When pressed by the “Morning Joe” namesake, Heilemann failed to come up with another example of Kavanaugh lying under oath.  CNN’s “Reliable Sources” newsletter – which is required reading for the coastal media elite – asked, “Was Kavanaugh telling the truth?”

Senate Judiciary Committee Chairman Chuck Grassley (left) confers with other committee members, Sens. Patrick Leahy and Dianne Feinstein, the ranking member.

Senate Judiciary Committee Chairman Chuck Grassley (left) confers with other committee members, Sens. Patrick Leahy and Dianne Feinstein, the ranking member. (AP Photo/Andrew Harnik)

“Many Kavanaugh opponents have already concluded that he lied about his yearbook entries, his drinking, etc.,” newsletter author Brian Stelter wrote.

CNBC’s John Harwood argued on Twitter, “his drinking relates directly to a) sexual misconduct he’s accused of from his high school/college days, and b) the truthfulness of his sworn testimony last week.”

Daily Wire reporter Ryan Saavedra told Fox News that the majority of mainstream media is aligned with the Democratic Party and therefore “committed to doing everything that they can to stop Kavanaugh from being confirmed” to the Supreme Court.

“The same people who are outraged that Kavanaugh allegedly drank while in his youth had no problem with former Presidents Barack Obama and Bill Clinton, who respectively admitted to using cocaine and marijuana,” Saavedra said.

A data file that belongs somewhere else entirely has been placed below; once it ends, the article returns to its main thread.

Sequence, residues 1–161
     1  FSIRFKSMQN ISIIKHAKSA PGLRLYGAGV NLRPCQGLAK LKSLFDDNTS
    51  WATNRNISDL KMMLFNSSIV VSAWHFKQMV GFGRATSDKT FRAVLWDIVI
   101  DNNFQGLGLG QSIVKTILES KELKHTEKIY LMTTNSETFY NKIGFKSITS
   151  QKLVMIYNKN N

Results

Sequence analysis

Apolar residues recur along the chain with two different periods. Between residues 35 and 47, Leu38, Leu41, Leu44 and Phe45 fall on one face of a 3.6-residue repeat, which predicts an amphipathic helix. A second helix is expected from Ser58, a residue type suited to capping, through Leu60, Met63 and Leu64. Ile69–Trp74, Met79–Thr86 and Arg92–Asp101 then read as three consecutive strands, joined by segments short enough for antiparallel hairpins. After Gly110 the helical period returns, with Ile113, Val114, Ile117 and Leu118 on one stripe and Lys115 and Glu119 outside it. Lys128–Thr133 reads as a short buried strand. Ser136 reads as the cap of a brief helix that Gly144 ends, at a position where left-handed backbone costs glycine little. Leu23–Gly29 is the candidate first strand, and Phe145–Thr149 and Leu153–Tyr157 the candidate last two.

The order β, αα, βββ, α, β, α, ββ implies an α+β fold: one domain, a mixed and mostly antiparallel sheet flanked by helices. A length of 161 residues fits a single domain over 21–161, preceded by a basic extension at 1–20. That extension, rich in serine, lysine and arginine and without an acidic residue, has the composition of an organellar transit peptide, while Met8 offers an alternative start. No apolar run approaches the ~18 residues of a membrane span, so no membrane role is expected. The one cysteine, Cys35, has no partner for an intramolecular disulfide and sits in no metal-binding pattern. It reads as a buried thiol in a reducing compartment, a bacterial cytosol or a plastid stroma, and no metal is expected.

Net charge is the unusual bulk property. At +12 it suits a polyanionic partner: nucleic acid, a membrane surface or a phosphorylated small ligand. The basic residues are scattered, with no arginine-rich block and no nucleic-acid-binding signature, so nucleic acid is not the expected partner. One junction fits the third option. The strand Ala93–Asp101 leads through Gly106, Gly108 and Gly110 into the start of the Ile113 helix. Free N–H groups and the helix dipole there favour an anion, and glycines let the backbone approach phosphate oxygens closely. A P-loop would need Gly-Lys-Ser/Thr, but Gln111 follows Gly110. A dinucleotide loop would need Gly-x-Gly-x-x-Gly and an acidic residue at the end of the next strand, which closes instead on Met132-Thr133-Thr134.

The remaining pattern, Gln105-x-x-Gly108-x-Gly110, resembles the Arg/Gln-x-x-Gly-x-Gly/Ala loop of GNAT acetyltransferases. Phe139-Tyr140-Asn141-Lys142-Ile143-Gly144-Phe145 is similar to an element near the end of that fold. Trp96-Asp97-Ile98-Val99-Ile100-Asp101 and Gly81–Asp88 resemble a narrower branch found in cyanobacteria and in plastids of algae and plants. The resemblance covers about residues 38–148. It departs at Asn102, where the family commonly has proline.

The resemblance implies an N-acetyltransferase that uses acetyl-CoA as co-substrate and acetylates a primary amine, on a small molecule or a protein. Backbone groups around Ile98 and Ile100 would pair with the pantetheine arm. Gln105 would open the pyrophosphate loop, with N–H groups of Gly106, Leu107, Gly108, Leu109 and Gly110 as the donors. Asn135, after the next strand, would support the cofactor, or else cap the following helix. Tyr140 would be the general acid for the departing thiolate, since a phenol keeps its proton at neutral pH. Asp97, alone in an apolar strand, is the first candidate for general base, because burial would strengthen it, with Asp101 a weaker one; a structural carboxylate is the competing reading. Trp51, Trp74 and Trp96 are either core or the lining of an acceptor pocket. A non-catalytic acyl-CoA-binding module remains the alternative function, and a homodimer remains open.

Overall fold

Former FBI Director James Comey penned an opinion piece in the Times declaring that FBI agents know “little lies point to bigger lies” and that “obvious lies by the nominee about the meaning of words in a yearbook are a flashing signal to dig deeper.”

Trump was asked on Monday whether or not Kavanaugh would be disqualified from the Supreme Court if it’s proven he lied about his drinking – and the president continued to stand by his nominee.

“I was surprised about how vocal he was about the fact that he likes beer,” Trump said. “This is not a man that said alcohol was absent… that he was perfect with respect to alcohol.”

“Fraud and Fiction” author Eddie Scary noticed a pattern, as the media seems to find something new to harp on whenever necessary.

"We know the havoc the media brought to Kavanaugh when his committee vote was delayed by one week. Ronan Farrow found a woman -- again with no corroborating witnesses -- to say that Kavanaugh flashed his penis at her during a freshman year party at Yale; [attorney Michael] Avenatti got someone to imply that Kavanaugh was in a rape gang; the New York Times parsed the sophomoric language in one of Kavanaugh’s high school yearbooks; and the climax was the Washington Post's investigation into whether Kavanaugh as a teenager ever got blackout drunk,” Scarry said. “Let's see what the media can do with another delay.”

Fox News’ Alex Pappas contributed to this report.